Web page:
In the remote reaches of Greenland, the sparkling white ice sheet stretches as far as the eye can see. But over in the far west of the massive island, a mysterious dark patch creates an ominous smear across the landscape. Worse still, it’s growing darker. So what does this mean for the future of the human race?
At both poles of the Earth, vast masses of frozen water known as ice sheets cover the barren land. According to experts, they are formed when snow remains in one spot for an extended period of time. Gradually, more snow lands on top, slowly compacting each layer and transforming it into ice.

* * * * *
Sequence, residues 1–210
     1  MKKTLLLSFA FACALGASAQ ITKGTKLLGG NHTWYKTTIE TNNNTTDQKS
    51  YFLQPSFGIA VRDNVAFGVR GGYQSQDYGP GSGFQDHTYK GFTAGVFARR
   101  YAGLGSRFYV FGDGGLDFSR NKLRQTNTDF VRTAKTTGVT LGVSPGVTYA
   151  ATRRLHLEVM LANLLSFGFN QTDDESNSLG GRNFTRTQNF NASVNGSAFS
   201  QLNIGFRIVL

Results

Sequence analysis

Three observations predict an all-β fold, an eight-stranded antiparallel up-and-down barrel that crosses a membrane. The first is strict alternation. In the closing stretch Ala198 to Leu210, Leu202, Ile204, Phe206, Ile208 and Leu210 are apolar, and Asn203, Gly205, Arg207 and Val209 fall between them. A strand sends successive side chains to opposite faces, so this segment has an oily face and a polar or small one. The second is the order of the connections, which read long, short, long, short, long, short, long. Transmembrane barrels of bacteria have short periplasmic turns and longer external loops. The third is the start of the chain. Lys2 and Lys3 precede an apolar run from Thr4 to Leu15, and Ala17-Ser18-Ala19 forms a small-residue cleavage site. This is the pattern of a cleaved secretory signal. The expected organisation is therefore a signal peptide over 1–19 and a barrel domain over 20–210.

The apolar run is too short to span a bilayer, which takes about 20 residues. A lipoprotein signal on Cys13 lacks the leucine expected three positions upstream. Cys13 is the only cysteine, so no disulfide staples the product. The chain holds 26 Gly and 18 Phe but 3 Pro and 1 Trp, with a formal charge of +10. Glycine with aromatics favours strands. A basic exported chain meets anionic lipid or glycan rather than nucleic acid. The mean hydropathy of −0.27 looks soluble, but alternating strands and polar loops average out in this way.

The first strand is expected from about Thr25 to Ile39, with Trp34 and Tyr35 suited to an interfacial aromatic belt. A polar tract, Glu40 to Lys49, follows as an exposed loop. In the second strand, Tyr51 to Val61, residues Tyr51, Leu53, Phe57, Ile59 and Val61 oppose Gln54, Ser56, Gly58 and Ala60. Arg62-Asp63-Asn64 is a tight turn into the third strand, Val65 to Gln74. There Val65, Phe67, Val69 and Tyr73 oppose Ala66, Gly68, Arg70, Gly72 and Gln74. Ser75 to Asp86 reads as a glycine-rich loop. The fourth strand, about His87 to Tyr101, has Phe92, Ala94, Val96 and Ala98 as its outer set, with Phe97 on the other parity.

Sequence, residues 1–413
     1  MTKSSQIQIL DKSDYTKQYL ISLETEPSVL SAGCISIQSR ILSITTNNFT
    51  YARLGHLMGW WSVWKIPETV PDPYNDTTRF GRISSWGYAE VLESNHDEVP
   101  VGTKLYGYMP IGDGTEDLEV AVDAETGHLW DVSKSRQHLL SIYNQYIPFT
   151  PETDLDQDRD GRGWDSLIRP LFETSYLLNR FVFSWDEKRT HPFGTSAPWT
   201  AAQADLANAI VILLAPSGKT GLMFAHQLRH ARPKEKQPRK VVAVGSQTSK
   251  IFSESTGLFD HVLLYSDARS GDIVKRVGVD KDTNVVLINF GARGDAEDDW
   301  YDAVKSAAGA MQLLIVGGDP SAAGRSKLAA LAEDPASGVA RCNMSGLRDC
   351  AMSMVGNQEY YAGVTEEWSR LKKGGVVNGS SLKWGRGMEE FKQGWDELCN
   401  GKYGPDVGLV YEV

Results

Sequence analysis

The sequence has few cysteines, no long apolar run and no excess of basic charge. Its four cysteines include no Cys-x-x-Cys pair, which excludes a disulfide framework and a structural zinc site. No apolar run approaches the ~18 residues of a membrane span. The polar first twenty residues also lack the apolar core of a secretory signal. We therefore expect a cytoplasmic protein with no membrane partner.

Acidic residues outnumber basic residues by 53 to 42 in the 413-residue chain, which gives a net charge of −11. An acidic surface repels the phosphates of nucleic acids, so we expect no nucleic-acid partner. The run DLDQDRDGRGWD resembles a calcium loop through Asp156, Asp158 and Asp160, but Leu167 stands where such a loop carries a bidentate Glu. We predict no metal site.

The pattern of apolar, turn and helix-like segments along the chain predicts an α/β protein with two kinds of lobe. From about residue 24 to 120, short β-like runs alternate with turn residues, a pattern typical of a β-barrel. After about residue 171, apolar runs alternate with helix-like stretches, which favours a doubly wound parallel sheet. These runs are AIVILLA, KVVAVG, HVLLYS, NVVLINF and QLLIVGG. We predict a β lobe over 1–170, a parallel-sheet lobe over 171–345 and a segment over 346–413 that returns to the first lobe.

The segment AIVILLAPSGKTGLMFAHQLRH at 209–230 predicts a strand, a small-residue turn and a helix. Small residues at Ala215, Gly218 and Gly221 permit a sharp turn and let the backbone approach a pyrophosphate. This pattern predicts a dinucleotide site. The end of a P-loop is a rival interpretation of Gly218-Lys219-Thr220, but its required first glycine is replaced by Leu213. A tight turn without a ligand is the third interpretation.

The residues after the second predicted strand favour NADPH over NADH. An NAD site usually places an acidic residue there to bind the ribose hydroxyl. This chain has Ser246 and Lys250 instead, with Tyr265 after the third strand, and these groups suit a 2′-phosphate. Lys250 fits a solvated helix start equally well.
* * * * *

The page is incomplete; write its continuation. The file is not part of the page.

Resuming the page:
Apparently, the term ice sheet applies to any of these masses that reach over 19,000 square miles in size. And at the moment, there are only three in the world. While two of them are located in Antarctica, the smallest of the three, the Greenland ice sheet, covers a huge chunk of Greenland in the Northern Hemisphere.